Cancer vaccines could be available by the end of the decade, according to the husband and wife team behind one of the most successful Covid vaccines.
Ugur Şahin and Özlem Çureçi, who founded the German firm BioNTech, which collaborated with Pfizer to produce a revolutionary mRNA vaccine against Covid, said they have made a breakthrough that fuels their optimism about cancer vaccines in the coming years.
Speaking on the BBC’s Laura Kuensberg on Sunday, Professor Ciurechi described how the mRNA technology behind BioNTech’s Covid vaccine could be re-engineered to make the immune system attack cancer cells rather than invading coronaviruses.
Asked when mRNA-based cancer vaccines might be ready for use in patients, Professor Sahin said they could be available “by 2030”.
The Covid mRNA vaccine works by transferring the genetic instructions for the harmless spike proteins of the Covid virus into the body. The instructions are received by the cells that produce the spike protein. These proteins, or antigens, are then used as “search posters” – telling the immune system’s antibodies and other defense mechanisms what to look for and attack.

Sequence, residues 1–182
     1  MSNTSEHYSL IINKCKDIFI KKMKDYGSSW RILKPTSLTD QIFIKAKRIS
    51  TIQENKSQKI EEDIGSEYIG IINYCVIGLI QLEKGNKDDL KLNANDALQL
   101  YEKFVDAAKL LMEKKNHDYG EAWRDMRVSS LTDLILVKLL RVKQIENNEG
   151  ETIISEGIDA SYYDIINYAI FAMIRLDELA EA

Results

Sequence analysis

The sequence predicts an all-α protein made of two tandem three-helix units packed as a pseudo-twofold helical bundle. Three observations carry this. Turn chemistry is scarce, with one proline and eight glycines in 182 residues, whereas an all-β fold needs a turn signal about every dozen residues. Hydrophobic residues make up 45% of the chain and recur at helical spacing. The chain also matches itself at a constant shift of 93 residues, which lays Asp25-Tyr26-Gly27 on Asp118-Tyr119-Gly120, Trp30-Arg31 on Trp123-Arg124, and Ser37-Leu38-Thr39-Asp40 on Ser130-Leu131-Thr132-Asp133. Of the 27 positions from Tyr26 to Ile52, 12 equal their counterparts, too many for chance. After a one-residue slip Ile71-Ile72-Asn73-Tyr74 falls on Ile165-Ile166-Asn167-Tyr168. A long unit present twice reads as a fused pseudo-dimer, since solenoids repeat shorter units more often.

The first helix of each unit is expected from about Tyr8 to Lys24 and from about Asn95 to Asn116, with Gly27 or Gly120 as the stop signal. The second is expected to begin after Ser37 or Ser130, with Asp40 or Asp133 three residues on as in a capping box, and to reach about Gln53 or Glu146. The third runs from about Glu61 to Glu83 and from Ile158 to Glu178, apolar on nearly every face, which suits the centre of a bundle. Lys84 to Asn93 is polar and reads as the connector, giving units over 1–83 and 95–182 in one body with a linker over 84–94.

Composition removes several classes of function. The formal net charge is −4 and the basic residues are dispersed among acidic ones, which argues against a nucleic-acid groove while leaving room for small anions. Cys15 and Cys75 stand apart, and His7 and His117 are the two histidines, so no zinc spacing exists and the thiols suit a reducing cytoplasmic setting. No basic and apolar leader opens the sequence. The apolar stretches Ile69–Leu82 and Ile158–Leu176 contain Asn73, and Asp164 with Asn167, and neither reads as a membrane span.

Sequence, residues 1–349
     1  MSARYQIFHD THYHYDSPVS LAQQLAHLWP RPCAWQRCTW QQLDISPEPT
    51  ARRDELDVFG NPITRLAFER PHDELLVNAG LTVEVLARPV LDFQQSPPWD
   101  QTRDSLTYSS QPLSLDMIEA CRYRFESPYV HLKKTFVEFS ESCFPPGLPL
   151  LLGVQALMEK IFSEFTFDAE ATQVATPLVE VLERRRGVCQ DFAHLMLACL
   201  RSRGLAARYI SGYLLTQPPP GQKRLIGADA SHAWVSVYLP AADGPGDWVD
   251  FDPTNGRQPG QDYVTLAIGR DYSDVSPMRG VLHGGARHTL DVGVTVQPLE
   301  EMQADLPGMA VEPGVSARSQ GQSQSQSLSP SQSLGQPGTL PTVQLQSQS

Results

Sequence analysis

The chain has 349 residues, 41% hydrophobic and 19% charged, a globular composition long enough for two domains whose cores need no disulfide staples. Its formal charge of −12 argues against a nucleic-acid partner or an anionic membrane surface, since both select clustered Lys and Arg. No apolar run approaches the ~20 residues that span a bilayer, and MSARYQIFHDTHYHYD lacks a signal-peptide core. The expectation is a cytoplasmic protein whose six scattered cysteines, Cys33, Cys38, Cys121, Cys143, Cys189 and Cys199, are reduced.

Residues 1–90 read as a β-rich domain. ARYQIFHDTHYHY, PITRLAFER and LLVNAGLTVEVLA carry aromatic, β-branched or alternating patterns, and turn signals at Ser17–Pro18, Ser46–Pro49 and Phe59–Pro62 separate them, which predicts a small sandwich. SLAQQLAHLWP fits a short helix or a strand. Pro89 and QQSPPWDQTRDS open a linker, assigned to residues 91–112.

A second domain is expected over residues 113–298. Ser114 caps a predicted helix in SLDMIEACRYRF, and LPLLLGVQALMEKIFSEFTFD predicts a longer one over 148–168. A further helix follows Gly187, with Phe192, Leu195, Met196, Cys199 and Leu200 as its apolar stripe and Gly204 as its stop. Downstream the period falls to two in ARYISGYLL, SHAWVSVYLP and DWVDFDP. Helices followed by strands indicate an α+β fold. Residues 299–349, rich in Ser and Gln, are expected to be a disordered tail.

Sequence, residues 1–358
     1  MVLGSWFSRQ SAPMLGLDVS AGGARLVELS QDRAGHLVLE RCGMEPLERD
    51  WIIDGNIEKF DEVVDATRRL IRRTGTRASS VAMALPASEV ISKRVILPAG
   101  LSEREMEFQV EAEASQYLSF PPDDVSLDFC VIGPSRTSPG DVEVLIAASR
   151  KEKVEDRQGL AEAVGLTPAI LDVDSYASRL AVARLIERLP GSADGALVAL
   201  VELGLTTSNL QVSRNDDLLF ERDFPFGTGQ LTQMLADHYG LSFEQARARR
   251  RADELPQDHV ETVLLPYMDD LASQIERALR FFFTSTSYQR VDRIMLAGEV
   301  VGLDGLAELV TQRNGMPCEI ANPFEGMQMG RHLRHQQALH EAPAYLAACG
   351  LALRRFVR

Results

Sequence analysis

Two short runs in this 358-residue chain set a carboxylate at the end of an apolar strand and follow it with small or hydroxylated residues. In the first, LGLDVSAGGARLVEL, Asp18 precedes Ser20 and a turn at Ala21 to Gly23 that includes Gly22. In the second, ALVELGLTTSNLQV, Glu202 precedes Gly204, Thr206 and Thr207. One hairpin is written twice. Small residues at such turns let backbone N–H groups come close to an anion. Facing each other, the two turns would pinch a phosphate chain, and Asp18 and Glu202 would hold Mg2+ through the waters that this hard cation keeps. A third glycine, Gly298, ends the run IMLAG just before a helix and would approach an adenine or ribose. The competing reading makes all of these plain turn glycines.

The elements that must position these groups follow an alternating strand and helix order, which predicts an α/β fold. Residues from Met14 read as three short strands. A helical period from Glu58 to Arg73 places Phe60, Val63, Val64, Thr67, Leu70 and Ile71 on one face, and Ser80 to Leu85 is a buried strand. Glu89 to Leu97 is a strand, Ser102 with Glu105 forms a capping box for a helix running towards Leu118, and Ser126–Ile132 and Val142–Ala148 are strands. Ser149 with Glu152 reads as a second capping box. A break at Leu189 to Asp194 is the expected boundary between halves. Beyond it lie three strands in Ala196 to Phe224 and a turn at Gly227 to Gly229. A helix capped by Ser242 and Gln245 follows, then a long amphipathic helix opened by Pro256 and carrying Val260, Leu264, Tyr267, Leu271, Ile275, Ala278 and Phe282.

The same approach could be used to trick the immune system into seeking out and destroying cancer cells, said Ciurechi, BioNTech’s chief medical officer. Rather than carrying a code that identifies viruses, the vaccine contains the genetic instructions for cancer antigens — proteins that stitch the surfaces of tumor cells.
BioNTech had been working on mRNA cancer vaccines before the pandemic began, but in the face of the global emergency, the company turned to producing Covid vaccines. The firm now has several cancer vaccines in clinical trials. Ciurechi said the development and success of the Pfizer/BioNTech vaccine, similar to Moderna’s Covid shot, “puts our cancer work back on track.”
The German firm hopes to develop treatments for bowel cancer, melanoma and other cancers, but significant hurdles lie ahead. The cancer cells that give rise to tumors can be riddled with a wide range of different proteins, making it extremely difficult to create a vaccine that targets all cancer cells and not healthy tissue.
Ciurechi told Kuensberg that BioNTech learned how to make mRNA vaccines faster during the pandemic and better understood how people’s immune systems respond to mRNAs. The intense development and rapid spread of the Covid-19 vaccine has also helped drug regulators work out how to approve vaccines. “It will certainly accelerate our cancer vaccine,” she added.
But Ciurechi was still cautious about the work. “As scientists, we’re always shy about saying we’re going to have a cure for cancer,” she said. “We have a number of breakthroughs and we will continue to work on them.”
In August, Moderna said it did is suing BioNTech and its partner, American pharmaceutical giant Pfizer, for infringing the company’s Covid-19 vaccine patent.
Answering this question, Shahin said: “Our innovations are original. We have spent 20 years of research developing this type of treatment and of course we will fight for our intellectual property.”